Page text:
Understanding stock market trends through technical analysis
Technical analysis is all about patterns. Candlesticks, one of the most widely used form of charting is all about patterns. Bar charts create patterns and lots of them. Point and figure charts create their own patterns. As though candle patterns were not enough, they invented variants and called them Renko, Kagi and Three Line break to create even more patterns. Fibonacci relations create yet another pattern while line studies are also symmetry of some sort, creating patterns. Divergences are patterns as are Reversals. Overbought and oversold are patterns too. Elliot wave is a pattern and so is the Square of nine or other geometric technics of WD Gann.
Basics of Technical Analysis
Technical analysis involves and utilizes various tools and indicators. The right mix of the tools can be used to generate converging signals that improve the probability of a direction price move.
Technical analysis seeks to interpret the story of a stock's price action. Charts act as the canvas where the story is painted. The common types of charts are candlestick, bar and line charts. Charts plot the prices where trades have been executed. The time interval of the chart can be specified through the settings. Time intervals segment the price action of the stock. For a 5-minute candlestick chart, each candle represents a five-minute segment of trading that record the starting price (open), the highest price (high), lowest price (low) and last price (close) trade during the period. As the five minute window ends, it will display a candlestick that details the four data points (open, high, low, close) and a fifth data point that encapsulates the opening and closing price (body) and colors the body red if the last trade (close) is lower than the first trade (open), or green if the last trade (close) has a higher price than the first trade (open). Bar charts include the same information without painting the body. Line charts simply connect the closing price only for each time period.
By visually marking the charts, users can see certain price levels that tend to prevent prices from falling any further before rising back up again. These are known as price support levels. Users will also spot price levels that continue to provide a ceiling, that eventually causing prices to fall back down again after testing. These are known as price resistance levels.
Volume measures the total number of shares traded for a specified period of time. It is used as a measure of interest that can manifest into significant price action. High volume indicates significant trading activity that triggers a breakout or a breakdown accompanied by a sustaining trend in prices. Breakouts result in higher trending prices and breakdowns result in lower trending prices. When volume is light, stocks tend to chop around in a range known as consolidation.
Trends indicate the current direction of share prices. When stock prices continue to rise higher, it is considered to be in an uptrend and vice versa for a downtrend. Uptrends indicate increasing demand for shares, as buyers are willing to pay higher prices as supply diminishes. Downtrends represent an oversupply of shares with waning buying interest resulting in falling prices. By connecting the various high and low points on a chart, you can manually generate trend lines that pinpoint support/resistance and direction of stock prices. When compared to historical templates of similar trend lines, you may be able to forecast the future direction, turning/inflection points and targets.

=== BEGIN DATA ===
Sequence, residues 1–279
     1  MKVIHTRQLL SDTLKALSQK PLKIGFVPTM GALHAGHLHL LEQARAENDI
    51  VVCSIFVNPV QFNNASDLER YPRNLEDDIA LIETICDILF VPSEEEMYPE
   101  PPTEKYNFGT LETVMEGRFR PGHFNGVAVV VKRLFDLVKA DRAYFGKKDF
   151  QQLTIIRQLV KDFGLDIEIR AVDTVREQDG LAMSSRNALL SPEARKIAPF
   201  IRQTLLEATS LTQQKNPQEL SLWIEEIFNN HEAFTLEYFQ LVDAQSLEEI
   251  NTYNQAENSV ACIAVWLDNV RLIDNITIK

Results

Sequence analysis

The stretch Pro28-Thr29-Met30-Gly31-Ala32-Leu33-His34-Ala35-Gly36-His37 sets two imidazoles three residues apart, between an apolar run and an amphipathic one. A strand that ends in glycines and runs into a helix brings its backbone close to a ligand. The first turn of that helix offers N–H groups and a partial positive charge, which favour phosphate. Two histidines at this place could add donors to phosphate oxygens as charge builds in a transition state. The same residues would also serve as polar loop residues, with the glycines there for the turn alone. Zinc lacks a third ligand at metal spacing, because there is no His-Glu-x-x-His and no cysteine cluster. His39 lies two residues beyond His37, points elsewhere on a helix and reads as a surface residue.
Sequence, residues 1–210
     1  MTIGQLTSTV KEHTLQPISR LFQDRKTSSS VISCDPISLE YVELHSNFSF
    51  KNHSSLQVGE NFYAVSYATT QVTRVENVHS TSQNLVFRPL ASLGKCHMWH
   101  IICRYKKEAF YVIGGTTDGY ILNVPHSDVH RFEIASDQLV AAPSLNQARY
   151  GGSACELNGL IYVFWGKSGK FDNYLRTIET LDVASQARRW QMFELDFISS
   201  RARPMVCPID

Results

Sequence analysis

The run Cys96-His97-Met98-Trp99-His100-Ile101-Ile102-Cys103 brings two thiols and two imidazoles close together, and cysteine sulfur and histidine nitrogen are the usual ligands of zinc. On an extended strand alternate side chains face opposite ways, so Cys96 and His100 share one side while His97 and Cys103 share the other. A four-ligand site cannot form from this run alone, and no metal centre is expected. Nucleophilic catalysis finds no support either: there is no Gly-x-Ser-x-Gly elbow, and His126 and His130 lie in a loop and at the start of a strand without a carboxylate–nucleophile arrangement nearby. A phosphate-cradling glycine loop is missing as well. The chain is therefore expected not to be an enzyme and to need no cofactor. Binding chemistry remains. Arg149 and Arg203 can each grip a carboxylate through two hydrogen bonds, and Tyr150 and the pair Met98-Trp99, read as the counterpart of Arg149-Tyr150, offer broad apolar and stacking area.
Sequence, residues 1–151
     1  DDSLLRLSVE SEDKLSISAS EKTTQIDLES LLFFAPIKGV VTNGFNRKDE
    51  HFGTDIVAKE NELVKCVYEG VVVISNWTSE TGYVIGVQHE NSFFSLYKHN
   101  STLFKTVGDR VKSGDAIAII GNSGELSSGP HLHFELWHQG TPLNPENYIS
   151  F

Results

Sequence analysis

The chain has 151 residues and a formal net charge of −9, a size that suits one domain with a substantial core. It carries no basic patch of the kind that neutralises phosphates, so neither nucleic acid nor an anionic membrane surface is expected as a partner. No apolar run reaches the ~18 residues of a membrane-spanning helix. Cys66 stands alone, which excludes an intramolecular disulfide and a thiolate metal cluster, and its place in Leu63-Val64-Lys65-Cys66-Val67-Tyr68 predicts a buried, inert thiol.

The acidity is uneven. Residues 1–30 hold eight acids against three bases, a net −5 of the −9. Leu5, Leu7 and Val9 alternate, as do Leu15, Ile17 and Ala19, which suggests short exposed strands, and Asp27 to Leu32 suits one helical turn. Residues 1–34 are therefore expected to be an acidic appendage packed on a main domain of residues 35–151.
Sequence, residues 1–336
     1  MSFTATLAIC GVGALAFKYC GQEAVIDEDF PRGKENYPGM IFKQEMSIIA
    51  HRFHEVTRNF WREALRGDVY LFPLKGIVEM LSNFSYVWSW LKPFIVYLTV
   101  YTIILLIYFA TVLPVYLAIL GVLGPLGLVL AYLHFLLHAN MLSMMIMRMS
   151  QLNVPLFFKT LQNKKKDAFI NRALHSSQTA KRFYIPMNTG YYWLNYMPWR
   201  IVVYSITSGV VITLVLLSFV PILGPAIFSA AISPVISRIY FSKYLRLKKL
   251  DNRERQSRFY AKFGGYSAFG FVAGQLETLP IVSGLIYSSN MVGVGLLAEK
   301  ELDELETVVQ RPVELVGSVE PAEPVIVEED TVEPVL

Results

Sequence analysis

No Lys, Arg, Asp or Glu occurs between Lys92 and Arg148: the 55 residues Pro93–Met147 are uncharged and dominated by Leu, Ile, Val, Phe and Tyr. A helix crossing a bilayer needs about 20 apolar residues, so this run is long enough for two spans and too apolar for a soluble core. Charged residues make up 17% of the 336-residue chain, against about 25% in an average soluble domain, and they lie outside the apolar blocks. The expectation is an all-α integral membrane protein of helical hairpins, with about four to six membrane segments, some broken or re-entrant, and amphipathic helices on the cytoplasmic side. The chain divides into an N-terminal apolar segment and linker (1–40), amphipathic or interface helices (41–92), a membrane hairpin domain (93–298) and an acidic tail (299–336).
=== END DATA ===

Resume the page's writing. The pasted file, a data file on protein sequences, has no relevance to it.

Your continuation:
Having the data points plotted on a chart helps to eyeball the direction of stock prices, but deeper analysis requires more data crunching. What may have taken hours by hand in the old days can be processed in seconds thanks to the multitude of technical indicators on today's charting and trading platforms. Trends can be visually tracked with indicators like moving averages, which are dynamic lines that connect each period's closing (last) price. Charting/trading platforms enable users to manually draw in their own trend lines directly onto their charts. Different traders may have different trend lines based on the time frame of the chart as well as the starting point.
Indicators that output price-based information like trends, support and resistance are price indicators. They are usually displayed and tracked on the price portion of a chart.
Indicators that measure the momentum of a stock including overbought and oversold conditions are momentum indicators. Basic momentum indicators come pre-programmed in most charting/trading platforms. These indicators help traders to better time their entries and exits. When properly used, traders are able to avoid chasing prices when momentum indicators show overbought conditions like a stochastics peaking and falling back under the 80-band. While price is important, understanding how the price level is achieved can be just as significant. Stochastic, Relative Strength Index (RSI) and Commodity Channel Index (CCI) are three widely used momentum indicators.
Using a combination of price and momentum indicators can help generate effective entry and exit signals. The science of successful trading utilizes the right mix of technical indicators to generate high probability set-ups and triggers married with prudent disciplined trade management. Technical indicators optimize the process of price analysis.
So it makes immense sense for people to learn technical analysis. This will then help them harness the natural abilities and strength of the brain (the ‘interpreter') and make better conclusions. Since these interpretations occur unconsciously and automatically, with the aid of technical analysis, you can truly become an Intuitive Trader!